Our hope is that these methods will help answer what have become ever more pressing concerns for society and social science more broadly. That is, what can screen time tell us about people and how might these behaviours lead to positive or negative life outcomes. 

I initially became involved with this area of research because it was methodologically and theoretically interesting however, it has now also become politically charged with mixed messages being communicated to the general public. 

The discussion has become swamped with celebrities and commentators. Many have good intentions, but these are driven entirely by gut instinct or anecdotal evidence. 

Combined with an extremely weak evidence base, these arguments should not drive changes in policy. 


Wilcockson, T. D. W., Ellis, D. A. and Shaw, H. (Epub ahead of print) Determining typical smartphone usage: What data do we need? Cyberpsychology, Behavior and Social Networking, 21,

Sunday, 5 November 2017

Altmetric Page Finder HTML

Altmetric collect and collate all  disparate information to provide a single visually engaging and informative view of the online activity surrounding scholarly content. This can be useful for both individual researchers and institutions who want to understand where work might be having an impact beyond citations by other academics.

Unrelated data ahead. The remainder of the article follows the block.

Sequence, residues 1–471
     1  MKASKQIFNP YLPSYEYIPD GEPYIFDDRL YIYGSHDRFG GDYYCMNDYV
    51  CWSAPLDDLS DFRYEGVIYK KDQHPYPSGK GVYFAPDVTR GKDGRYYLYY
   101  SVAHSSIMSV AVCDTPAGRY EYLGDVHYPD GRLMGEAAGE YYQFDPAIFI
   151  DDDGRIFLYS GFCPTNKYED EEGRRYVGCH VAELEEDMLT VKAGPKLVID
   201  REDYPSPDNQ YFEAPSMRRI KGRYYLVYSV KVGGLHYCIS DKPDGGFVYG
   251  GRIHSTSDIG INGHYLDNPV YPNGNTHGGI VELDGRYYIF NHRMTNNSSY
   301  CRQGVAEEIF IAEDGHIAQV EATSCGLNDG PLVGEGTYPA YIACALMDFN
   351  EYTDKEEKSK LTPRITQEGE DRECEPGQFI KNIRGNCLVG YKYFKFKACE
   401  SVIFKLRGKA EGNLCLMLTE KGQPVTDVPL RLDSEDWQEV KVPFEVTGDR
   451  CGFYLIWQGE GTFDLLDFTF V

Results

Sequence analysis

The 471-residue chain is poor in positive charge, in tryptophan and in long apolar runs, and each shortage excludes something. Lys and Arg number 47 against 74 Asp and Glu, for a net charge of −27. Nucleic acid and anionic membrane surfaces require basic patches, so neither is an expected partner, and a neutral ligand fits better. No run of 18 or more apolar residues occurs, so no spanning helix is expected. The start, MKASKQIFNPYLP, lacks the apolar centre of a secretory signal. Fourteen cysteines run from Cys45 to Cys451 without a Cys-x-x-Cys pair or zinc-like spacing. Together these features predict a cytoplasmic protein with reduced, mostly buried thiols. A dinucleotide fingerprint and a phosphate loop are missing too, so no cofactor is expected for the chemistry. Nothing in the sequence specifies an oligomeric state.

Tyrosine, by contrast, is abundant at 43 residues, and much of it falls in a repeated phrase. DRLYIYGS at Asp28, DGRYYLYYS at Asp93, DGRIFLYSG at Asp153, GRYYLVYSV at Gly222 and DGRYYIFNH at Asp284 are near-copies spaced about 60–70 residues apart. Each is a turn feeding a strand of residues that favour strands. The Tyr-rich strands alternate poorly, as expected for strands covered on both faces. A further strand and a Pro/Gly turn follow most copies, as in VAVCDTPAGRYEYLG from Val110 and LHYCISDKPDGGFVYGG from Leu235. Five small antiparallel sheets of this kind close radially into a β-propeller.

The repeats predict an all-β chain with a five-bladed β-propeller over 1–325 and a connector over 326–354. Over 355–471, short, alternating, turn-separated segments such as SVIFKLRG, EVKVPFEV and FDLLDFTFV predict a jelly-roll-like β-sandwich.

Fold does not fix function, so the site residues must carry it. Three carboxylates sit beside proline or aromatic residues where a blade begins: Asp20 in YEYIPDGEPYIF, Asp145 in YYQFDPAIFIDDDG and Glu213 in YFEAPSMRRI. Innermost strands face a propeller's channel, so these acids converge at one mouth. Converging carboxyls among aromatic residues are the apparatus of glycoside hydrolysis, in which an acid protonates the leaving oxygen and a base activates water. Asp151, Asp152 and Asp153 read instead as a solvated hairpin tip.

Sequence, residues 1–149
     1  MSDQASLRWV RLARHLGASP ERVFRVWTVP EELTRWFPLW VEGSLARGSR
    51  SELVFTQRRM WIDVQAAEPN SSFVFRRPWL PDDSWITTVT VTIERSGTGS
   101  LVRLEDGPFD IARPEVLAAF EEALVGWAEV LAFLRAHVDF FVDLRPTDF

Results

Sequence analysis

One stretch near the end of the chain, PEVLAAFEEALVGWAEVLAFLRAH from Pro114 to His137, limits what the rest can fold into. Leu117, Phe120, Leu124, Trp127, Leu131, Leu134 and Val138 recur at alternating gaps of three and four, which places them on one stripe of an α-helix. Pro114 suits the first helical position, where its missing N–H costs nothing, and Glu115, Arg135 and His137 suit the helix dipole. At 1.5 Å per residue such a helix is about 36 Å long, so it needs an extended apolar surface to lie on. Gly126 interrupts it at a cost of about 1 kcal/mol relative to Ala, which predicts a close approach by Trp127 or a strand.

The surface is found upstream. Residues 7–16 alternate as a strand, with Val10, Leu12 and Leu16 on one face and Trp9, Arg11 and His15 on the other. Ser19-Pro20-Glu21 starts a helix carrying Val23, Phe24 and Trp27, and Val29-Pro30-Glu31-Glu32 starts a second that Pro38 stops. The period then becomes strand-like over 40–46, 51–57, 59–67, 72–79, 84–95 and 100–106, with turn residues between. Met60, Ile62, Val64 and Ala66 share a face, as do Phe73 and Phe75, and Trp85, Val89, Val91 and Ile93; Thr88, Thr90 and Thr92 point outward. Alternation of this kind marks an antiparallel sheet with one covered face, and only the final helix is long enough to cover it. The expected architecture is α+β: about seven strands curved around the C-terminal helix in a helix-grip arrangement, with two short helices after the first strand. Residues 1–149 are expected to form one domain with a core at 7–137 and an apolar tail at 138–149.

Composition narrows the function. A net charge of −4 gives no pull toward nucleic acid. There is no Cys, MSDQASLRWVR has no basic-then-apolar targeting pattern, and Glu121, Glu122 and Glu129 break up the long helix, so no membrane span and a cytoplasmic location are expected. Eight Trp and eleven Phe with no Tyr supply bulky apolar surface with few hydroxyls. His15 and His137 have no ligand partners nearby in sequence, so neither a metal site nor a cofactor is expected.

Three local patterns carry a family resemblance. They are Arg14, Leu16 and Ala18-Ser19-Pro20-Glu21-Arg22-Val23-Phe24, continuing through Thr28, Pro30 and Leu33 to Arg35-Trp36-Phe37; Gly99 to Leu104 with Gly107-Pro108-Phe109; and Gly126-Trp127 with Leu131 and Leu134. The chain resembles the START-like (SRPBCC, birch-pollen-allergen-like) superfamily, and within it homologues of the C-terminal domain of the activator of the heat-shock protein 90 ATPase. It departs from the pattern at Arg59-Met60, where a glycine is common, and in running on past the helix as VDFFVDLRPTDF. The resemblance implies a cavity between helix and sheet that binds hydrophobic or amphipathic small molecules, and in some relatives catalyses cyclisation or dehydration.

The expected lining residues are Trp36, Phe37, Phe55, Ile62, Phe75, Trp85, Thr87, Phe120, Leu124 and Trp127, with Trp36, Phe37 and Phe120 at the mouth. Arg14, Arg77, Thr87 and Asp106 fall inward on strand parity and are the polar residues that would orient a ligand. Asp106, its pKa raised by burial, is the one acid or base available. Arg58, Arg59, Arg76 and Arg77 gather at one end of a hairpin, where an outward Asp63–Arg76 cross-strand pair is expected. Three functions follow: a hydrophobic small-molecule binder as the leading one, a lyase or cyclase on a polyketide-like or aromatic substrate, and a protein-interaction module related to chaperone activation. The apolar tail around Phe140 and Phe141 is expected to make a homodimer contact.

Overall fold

However, I have spoken to a few folk recently about accessing their own (and others) Altmetric scores when they don't have access to a specific link or an Altmetric paper number. The easiest way to do this is via a short snippet of HTML that includes the DOI number of any paper.

Here is the HTML (DOI number is in bold):

Which generates the following badge and link:

This also allows for some interesting customisation options by modifying variables (e.g. type and/or mentions).

Altmetric actually provides a longer winded version of this tutorial on their own website, which can generate the code from a few drop down menus!

Monday, 4 September 2017

Apple Watch Series 2: A short review

UPDATE 4/09/2018 - The hardware failed after 18 months. Interestingly enough, a colleagues watch also failed around the same time.

Unfortunately, from a build quality perspective, and like many other consumer wearables, they are simply not built to last.

And so ends my Apple Watch journey.


I've owned an Apple Watch Series 2 for about 8 months now and given that I have tested and written about a fair few activity trackers in the last 18-24 months, it seemed appropriate to share a few thoughts.

Apple Watch Series 2 - I didn't own the Series 1 so can't really compare the two from a personal perspective. However, the Series 2 is both waterproof and has improved battery life over the first version.


In terms of fitness trackers, it is up there with some of the best when it comes to tracking running, cycling and swimming.

When running the watch reports total time, average pace, heart rate and distance travelled.

Apple's own activity application is impressive (or depressing depending on how you look at it) because it separates active from non-active calorie burn. Most of the energy we use simply keeps us alive on a day-to-day basis, and as a result this serves as a regular reminder of how little extra energy is actually expelled from exercise. These calculations are based on heart rate and movement/distance covered.